In this ongoing series, we profile the most interesting independent animation filmmakers working today — the artists who, through short films and other projects, change our ideas of what the medium can do.
This week’s subject is one of the more underappreciated indie filmmakers, British animator, Stephen Irwin.
In a sentence: On the borders of narrative and non-narrative, reality, fantasy, and horror, Irwin’s films combine the influences of David Lynch, Struwwelpeter (a twisted German fairy tale book), and the Brothers Grimm as they explore the mysterious and often dark undercurrents of childhood.
Where to start: Moxie (2011). Black comedy at its finest. Welding distorted live-action footage (the background sets are made primarily from parts from doll houses) with black and white drawings, this 2011 Grand Prize winner at the Ottawa International Animation Festival is a haunting, bleak, yet somehow funny (in spurts) tale about a troubled, angry young bear with pyromaniac tendencies who struggles with the loss of his mother.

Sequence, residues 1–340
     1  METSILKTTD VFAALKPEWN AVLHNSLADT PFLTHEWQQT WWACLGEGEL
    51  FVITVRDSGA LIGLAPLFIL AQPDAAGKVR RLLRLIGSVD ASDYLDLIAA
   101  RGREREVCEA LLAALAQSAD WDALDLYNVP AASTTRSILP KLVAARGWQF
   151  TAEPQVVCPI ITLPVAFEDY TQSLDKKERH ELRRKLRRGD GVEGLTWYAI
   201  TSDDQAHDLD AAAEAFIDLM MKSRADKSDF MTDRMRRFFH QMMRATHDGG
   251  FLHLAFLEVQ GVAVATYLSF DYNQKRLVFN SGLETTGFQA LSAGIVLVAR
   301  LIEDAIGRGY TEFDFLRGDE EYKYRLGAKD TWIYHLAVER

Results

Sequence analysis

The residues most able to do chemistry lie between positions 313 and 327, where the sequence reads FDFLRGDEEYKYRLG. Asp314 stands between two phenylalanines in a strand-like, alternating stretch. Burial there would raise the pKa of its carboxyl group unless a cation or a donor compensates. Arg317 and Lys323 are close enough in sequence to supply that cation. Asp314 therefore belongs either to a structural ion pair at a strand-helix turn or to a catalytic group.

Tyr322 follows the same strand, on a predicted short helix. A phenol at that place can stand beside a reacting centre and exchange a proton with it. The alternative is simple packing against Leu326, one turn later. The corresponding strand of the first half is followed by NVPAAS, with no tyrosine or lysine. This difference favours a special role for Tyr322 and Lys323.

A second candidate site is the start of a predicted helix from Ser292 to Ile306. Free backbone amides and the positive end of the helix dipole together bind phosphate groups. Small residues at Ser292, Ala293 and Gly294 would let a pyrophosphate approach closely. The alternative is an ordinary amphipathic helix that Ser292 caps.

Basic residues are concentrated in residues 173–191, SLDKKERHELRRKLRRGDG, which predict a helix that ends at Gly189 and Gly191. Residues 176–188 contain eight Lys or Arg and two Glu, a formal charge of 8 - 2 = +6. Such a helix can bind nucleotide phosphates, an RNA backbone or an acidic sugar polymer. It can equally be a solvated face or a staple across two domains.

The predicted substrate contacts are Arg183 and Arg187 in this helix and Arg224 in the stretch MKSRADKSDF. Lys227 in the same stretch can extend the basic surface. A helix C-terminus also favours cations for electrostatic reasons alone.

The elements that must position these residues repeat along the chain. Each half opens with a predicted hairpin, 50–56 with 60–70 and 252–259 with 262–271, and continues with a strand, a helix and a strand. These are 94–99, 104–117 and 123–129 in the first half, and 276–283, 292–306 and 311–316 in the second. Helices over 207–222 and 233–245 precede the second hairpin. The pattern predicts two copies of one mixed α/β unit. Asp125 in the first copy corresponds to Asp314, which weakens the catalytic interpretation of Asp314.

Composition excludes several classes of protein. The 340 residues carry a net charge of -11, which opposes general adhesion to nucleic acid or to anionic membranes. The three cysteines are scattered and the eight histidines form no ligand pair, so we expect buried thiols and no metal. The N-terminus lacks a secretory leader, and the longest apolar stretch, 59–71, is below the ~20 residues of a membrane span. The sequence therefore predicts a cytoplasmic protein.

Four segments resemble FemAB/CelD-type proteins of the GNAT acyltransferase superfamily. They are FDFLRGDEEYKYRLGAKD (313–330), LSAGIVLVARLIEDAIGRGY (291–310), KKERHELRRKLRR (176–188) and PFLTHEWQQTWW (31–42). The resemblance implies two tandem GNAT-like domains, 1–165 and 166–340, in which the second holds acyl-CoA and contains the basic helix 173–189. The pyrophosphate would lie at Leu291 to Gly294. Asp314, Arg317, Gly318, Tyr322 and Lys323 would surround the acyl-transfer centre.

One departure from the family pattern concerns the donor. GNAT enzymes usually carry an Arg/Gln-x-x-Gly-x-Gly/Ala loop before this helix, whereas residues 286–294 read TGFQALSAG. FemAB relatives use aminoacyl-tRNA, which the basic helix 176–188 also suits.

What to watch next: The Black Dog’s Progress (2010). A small black dog is abandoned, beaten, raped, and burned by an assortment of crappy owners. This technical marvel incorporates flipbook animation and unfolds across multiple frames like pieces of a sadistic jigsaw puzzle.
Other key works: Hidden Place (2012), The Obvious Child (2014), Wood Child & Hidden Forest Mother (2020), Boy Oh Boy (2021)
Influences: Chris Ware, David Lynch, Don Hertzfeldt
Says: “I tend to make things up as I go along to a certain degree. I always write a script, make a storyboard and an animatic, but I know things will likely change as it comes together and I’m free to change what I want. The endings aren’t usually decided until I’m well into production because I need to see how the thing looks and feels as it comes together.”
Currently working on: Irwin’s latest short, World to Roam has just begun its festival circuit life. Beyond that, he’s “bouncing between animating a new Boy Oh Boy film and writing a new short.”